calendar full of festivals
Life in Vietnam is a succession of major and minor festivals,
mostly based on the lunar calendar – there is seldom a day
when the festival calendar is blank.
The minor festivals are mostly either religious, based upon
pagodas and temples, or village festivals celebrating anniversaries
of significant events or local heroes and ancestors and
based on each village’s communal house. The village festivals
usually involve an array of traditional activities, sometimes
centuries old, ranging from boat racing, tug-of-war, and
mock battles, to banquets, dancing and drinking competitions.
of the ethnic minority groups also hold regular festivals,
often with important ritual significances relating to the
cycle of the year and involving totems and sacrifices to
bring good harvests. Previously ignored or suppressed as
superstition, they are now held in greater esteem as potential
In August, we commemorate the Trung sisters, who carved
their niche in Vietnamese history by leading a revolt against
the Chinese in 40 A.D.
Trung Nguyen (Wandering Souls Day) occurs
during August. This is when lost souls return to visit their
living relatives, who must treat them with respect by offering
them food and presents.
September brings Trung Thu, the seasonal
Mid-Autumn Festival. It is a time for lantern parades and
for children. The traditional food is Moon Cake (banh trung
thu), a moon-shaped cake stuffed with sweet green bean paste.
Tet – the lunar New
Vietnam’s major festival is Tet, the New Year, celebrated
from the first to the seventh of the first lunar month,
which normally falls in January or February. It is by far
the most important event in the calendar, and is the equivalent
of Christmas, New Year and the Fourth of July combined.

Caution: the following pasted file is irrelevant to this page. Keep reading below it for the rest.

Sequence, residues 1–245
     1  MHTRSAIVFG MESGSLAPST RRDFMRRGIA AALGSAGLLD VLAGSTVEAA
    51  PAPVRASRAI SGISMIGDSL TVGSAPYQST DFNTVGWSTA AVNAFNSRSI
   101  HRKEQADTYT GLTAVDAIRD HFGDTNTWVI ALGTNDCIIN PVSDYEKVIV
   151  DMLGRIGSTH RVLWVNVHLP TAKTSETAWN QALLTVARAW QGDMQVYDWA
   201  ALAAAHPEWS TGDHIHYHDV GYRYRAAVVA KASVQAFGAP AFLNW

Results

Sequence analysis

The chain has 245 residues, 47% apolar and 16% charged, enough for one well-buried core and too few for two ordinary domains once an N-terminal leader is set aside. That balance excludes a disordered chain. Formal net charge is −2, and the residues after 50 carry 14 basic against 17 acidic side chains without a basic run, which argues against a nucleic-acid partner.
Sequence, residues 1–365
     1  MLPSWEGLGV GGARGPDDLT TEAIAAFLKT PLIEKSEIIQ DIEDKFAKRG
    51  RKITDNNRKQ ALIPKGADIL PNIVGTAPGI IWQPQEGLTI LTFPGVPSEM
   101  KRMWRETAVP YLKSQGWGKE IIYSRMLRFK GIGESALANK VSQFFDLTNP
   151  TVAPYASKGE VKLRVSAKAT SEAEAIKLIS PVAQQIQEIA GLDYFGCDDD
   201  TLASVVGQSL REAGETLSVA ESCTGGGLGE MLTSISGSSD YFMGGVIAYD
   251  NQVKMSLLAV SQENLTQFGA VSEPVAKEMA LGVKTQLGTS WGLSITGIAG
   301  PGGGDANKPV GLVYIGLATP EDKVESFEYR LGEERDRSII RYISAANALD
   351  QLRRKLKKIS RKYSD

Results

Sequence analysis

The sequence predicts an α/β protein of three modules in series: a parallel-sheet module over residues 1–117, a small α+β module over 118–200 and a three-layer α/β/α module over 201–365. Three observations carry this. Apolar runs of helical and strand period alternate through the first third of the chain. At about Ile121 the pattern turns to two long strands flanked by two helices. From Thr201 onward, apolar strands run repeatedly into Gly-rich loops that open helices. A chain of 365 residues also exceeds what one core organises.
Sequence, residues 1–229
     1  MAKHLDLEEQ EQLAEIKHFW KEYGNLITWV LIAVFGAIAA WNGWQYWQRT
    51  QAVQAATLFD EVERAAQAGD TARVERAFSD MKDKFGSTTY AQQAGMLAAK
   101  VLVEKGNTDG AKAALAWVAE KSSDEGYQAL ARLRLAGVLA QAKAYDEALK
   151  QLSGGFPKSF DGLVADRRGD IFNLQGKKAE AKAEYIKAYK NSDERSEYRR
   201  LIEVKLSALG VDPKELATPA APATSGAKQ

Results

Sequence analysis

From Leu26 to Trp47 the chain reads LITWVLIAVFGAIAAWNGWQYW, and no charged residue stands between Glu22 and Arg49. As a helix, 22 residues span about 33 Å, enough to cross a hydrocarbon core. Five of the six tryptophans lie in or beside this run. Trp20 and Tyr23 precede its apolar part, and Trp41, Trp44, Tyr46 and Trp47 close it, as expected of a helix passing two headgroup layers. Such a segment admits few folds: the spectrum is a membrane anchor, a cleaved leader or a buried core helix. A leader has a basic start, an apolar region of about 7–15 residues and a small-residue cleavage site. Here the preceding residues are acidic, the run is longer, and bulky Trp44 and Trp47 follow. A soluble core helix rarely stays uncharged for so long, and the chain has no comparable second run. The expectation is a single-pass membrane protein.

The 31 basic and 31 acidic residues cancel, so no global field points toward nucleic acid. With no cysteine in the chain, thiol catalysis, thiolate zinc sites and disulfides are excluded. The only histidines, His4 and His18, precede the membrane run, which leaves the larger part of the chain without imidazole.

It is a time for travel – traditionally, Vietnamese people
return to their families, even from abroad. Special trains
and flights are arranged, and tickets sell out well in advance.
Preparing for Tet
Preparations for Tet begin early. Presents and food stocks
must be bought – the streets are crowded with shoppers.
Special stalls spring up to sell the traditional Tet treats
– banh chung (fatty pork and bean paste in sticky rice),
mut (candied fruits) and fresh fruit. Public buildings,
parks, streets and houses are decorated. Tet is a time for
renewal, so everything relating to the old year must be
taken down, debts must be paid, grievances reconciled, new
clothes must be worn, and resolutions for the coming year
must be made.
The Kitchen God ascends
A week before Tet, the Tao Quan, (a trinity of spirits collectively
known as the kitchen god, or the god of the hearth) ascends
to heaven to report to the Jade Emperor on the past year’s
events. To ensure a good report, the house must be thoroughly
cleaned and the Tao Quan plied with food and gifts. As the
Tao Quan makes its journey on the back of a fish, it is
traditional to release live carp into lakes and rivers.
The days before Tet
On the days just before Tet, the streets are thronged with
people selling the traditional Tet trees, pink peach blossoms
in the north, yellow apricot flowers in the south, and beautifully
trimmed kumquat trees everywhere.
eve - the Kitchen God returns
On Tet eve, huge crowds converge on city centres, completely
blocking the streets. Dragon dancing, displays, music and
dancing are everywhere. The spectacle is repeated on a smaller
scale all over Vietnam. The climax comes at the stroke of
midnight, when the Tao Quan returns to earth. In the cities,
the sky is lit up by huge firework displays (a substitute
for firecrackers, which were banned in 1995 after several
deaths). People rush to gather green leaves for luck, and
the noise reaches a crescendo.
Two or three days of
peace and quiet
The next day, silence! The shops shut and streets are virtually
deserted, and remain so for several days. Families await
their first guest (carefully pre-arranged to ensure that
it is someone who will bring good luck). Tourists coming
to Vietnam in time for Tet and expecting something akin
to a Mardi Gras would be sadly disappointed. Tet remains
a very Vietnamese affair, a time for family and friends.
However, Vietnamese hospitality will always assure a visitor
a warm welcome wherever he or she might go!